Introductory Macroeconomics

Subject ECON10003 (2015)

Note: This is an archived Handbook entry from 2015.

Credit Points: 12.5
Level: 1 (Undergraduate)
Dates & Locations:

This subject has the following teaching availabilities in 2015:

Semester 1, Parkville - Taught on campus.
Pre-teaching Period Start not applicable
Teaching Period 02-Mar-2015 to 31-May-2015
Assessment Period End 26-Jun-2015
Last date to Self-Enrol 13-Mar-2015
Census Date 31-Mar-2015
Last date to Withdraw without fail 08-May-2015

Semester 2, Parkville - Taught on campus.
Pre-teaching Period Start not applicable
Teaching Period 27-Jul-2015 to 25-Oct-2015
Assessment Period End 20-Nov-2015
Last date to Self-Enrol 07-Aug-2015
Census Date 31-Aug-2015
Last date to Withdraw without fail 25-Sep-2015

Timetable can be viewed here. For information about these dates, click here.
Time Commitment: Contact Hours: Three hours of lectures, tutorials and workshops per week
Total Time Commitment:

170 hours

Study Period Commencement:
Credit Points:
Semester 1, Semester 2

And, for students who did not achieve a study score of at least 25 in Mathematical Methods or Specialist Mathematics in VCE Units 3 & 4 or equivalent, successful completion of:

Study Period Commencement:
Credit Points:
Summer Term, Semester 1


Recommended Background Knowledge:

Please refer to Prerequisites and Corequisites.

Non Allowed Subjects:


Core Participation Requirements:

For the purposes of considering requests for Reasonable Adjustments under the Disability Standards for Education (Cwth 2005), and Students Experiencing Academic Disadvantage Policy, academic requirements for this subject are articulated in the Subject Description, Subject Objectives, Generic Skills and Assessment Requirements for this entry.

The University is dedicated to provide support to those with special requirements. Further details on the disability support scheme can be found at the Disability Liaison Unit website:


Dr Graham Richards, Prof Robert Dixon


Semester 1:

Semester 2:

Subject Overview:

An introduction to macroeconomic theory and policy. Topics will include economic aggregates such as production and employment, the general level of prices and inflation, the exchange rate, interest rates, monetary and fiscal policies, the balance of payments and economic growth. Analysis is particularly directed to current macroeconomic problems and policy issues.

Learning Outcomes:

• Explain the importance of the circular flow of income to macroeconomics.
• Interpret the meaning and measurement of macroeconomic aggregates such as Gross Domestic Product.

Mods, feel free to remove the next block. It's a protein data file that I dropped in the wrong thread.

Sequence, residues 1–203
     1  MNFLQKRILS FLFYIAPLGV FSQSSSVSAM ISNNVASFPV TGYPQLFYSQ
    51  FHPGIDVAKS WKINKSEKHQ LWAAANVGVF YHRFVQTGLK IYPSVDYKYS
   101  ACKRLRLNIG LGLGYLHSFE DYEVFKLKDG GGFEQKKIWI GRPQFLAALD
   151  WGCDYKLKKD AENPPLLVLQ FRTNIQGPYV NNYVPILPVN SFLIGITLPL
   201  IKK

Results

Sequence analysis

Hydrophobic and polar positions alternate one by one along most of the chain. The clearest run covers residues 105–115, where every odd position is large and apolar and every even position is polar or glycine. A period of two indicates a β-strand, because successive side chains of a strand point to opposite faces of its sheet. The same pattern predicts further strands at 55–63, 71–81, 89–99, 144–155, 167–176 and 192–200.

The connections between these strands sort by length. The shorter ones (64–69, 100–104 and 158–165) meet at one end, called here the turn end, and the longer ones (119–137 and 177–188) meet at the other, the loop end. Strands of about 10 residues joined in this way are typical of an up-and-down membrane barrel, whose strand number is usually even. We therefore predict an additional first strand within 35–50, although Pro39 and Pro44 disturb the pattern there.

• Explain and use the Keynesian model of national income determination.
• Describe the roles of money and the financial system in the macroeconomy.
• Critically analyse macroeconomic policies appropriate to the achievement of the macroeconomic objectives.
• Explain and apply the aggregate demand/aggregate supply model.
• Explain the relation between unemployment and inflation.
• Analyse the factors influencing the balance of payments and the exchange rate.


A 2-hour end-of-semester examination (60%), two multiple choice tests, one conducted at the end of the fourth week of the semester, the other conducted in the eleventh week of the semester (10%), two assignments totalling not more than 2,500 words (20%), and tutorial attendance and participation (10%).

Prescribed Texts:

You will be advised of prescribed texts by your lecturer.

Breadth Options:

This subject potentially can be taken as a breadth subject component for the following courses:

You should visit learn more about breadth subjects and read the breadth requirements for your degree, and should discuss your choice with your student adviser, before deciding on your subjects.

Fees Information: Subject EFTSL, Level, Discipline & Census Date
Generic Skills:

• High level of development: written communication; collaborative learning; critical thinking; synthesis of data and other information; application of theory to practice.
• Moderate level of development: oral communication; problem solving; team work; interpretation and analysis; evaluation of data and other information; accessing data and other information from a range of sources; receptiveness to alternative ideas.
• Some level of development: statistical reasoning.

Related Course(s): Bachelor of Environments
Related Majors/Minors/Specialisations: Economics
Property major
Related Breadth Track(s): A Long-Run Economic Perspective
Contemporary Public Economic Policy
Global Economic Issues

Download PDF version.